The Population Media Center is pushing the overpopulation panic again—that’s so 1960s! They proclaim, “If somebody tries to tell you that population growth is ‘slowing down’, ask them to explain the graphic on the left.” This is the graphic (below) and allow me to explain it — it isn’t that difficult.
First, note the graph shows declining growth! The growth rate was 2.11% in 1967 and 1.10% in 2018, a decline of almost 50%. The World Bank provides hard data: in 1970 world population was growing by 2.091% annually, by 1990 it was 1.741%, and by 2010 the growth rate was down to 1.204%. Today it is 1.109%.
PMC spends much of their time talking about birth rates, but growth rates and birth rates are not the same thing. You can have birth rates at or below replacement levels yet still have population growth. Growth rates are a combination birth rates and death rates.
With longer life expectancy, death rates will slow down — even though EVERY one of those people will eventually die.
Life expectancy globally. Source World Bank.
In 1967 world life expectancy was just under 57 years; today it is over 72 years. The UN projects by 2050 global life expectancy will be 77.1 years.
Imagine a world where one child was born per year. The population would plummet. Now imagine, in addition, no one died. Even one child per year would see the total population increase. Population growth is not solely a result of birth rates.
If people live longer, the population will grow but the extension of human life is slowing down and eventually a massive die off will take place. Think of the Baby Boomers where a large number of births happened in just a few years. Those Boomers now are seniors and moving into that age group where death rates escalate dramatically. Just as the Boomers were a demographic bump at birth, so they will be in death.
The total fertility rate of 2.1 children is considered to be replacement level. A TFR above that means population grows, and below means population shrinks, all other factors being equal. According to the CIA World Factbook 120 nations have a TFR which leads to losing population. Another 24 nations have a TFR just above replacement levels (2.12‚—2.5), and 78 nations are 2.5 or above and growing, while TFRs are falling across the globe.
Total Fertility Rate by year
In 27 nations, populations have decreased by “at least one per cent since 2010”, according to the UN. “Examples include Japan, which recorded 2.6 million more deaths than births from 2010 to 2019, and Ukraine, where deaths exceeded births by close to 2.3 million over that period. In 23 of the 27 countries or areas where the population declined between 2010 and 2019, more people left the country than arrived, that is, net international migration was negative”.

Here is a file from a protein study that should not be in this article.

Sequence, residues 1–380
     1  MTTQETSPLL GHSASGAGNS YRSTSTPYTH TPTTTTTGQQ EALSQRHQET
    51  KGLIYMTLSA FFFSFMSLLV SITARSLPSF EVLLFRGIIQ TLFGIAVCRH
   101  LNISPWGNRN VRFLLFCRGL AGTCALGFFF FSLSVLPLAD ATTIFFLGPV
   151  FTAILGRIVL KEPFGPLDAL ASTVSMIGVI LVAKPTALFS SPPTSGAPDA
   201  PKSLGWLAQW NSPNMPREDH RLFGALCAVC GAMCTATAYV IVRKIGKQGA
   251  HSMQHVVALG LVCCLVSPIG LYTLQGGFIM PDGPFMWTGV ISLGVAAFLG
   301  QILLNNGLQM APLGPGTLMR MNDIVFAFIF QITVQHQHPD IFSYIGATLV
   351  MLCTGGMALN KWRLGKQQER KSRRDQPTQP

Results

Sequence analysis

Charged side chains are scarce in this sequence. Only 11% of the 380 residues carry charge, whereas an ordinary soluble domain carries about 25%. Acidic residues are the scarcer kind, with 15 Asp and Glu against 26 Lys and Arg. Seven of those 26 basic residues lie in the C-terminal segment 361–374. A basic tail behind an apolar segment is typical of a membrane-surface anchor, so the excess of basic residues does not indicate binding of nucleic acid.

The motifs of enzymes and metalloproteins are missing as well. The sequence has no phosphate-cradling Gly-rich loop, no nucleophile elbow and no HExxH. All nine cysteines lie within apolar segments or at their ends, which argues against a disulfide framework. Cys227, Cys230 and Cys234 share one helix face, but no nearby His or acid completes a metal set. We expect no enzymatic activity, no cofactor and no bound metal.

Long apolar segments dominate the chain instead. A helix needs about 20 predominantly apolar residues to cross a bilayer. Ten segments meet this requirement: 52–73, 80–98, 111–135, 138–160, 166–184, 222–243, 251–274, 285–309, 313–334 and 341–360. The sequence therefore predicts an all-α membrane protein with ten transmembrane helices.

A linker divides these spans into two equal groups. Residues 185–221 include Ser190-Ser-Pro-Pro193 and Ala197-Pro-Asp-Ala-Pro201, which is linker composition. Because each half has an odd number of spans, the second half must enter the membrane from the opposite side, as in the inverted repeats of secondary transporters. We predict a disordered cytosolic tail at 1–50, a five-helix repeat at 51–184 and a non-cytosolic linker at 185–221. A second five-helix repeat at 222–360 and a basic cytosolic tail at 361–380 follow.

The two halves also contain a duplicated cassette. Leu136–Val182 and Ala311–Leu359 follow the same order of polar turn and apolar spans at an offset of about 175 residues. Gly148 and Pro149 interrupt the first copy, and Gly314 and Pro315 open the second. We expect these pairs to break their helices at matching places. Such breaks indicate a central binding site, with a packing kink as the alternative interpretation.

As dramatic as is the decrease in fertility rates, there is an even more dramatic decline in death rates. If we use the years picked by PMC, we find in 1967 the global death rate per 1,000 population was 12.585. Today the World Bank says it is 7.617.
Death rate per 1,000 globally. Source World Bank.
The UN says: “Two-thirds of the projected growth of the global population through 2050 will be driven by current age structures. It would occur even if childbearing in high-fertility countries today were to fall immediately to around two births per woman over a lifetime”. In other words, the world’s population growth is not primarily the result of too many births, but the result of fewer deaths.
This decline can’t go on forever. Like it or not. old people tend to die in large numbers and eventually all of them do! Pew Research reports UN data shows the median age of the world population is rising rapidly, which means the population is aging faster as birth rates plummet.
“The world’s median age is expected to increase to 42 in 2100, up from the current 31 — and from 24 in 1950. Between 2020 and 2100, the number of people aged 80 and older is expected to increase from 146 million to 881 million. Starting in 2073, it is projected that there will be more people aged 65 and older than under the age of 15 — the first time this will be the case. Contributing factors to the rise in the median age are the increase in life expectancy and falling fertility rates.”
The United Nation’s World Population Prospects 2019 notes, “In 2018, for the first time in history, persons aged 65 years or over worldwide outnumbered children under age five. Projections indicate that by 2050 there will be more than twice as many persons above 65 as children under five. By 2050, the number of persons aged 65 years or over globally will also surpass the number of adolescents and youth aged 15 to 24 years.”
James Peron is the president of the Moorfield Storey Institute and author of several books including Exploding Population Myths and The Liberal Tide. The views expressed in this article are those of the author and not necessarily those of the Free Market Foundation.